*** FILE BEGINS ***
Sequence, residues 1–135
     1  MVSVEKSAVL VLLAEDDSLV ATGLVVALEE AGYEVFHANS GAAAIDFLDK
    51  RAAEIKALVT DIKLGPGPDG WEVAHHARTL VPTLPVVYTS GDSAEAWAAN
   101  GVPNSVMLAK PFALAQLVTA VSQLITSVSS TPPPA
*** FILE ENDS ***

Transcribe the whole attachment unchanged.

Sequence, residues 1–135
     1  MVSVEKSAVL VLLAEDDSLV ATGLVVALEE AGYEVFHANS GAAAIDFLDK
    51  RAAEIKALVT DIKLGPGPDG WEVAHHARTL VPTLPVVYTS GDSAEAWAAN
   101  GVPNSVMLAK PFALAQLVTA VSQLITSVSS TPPPA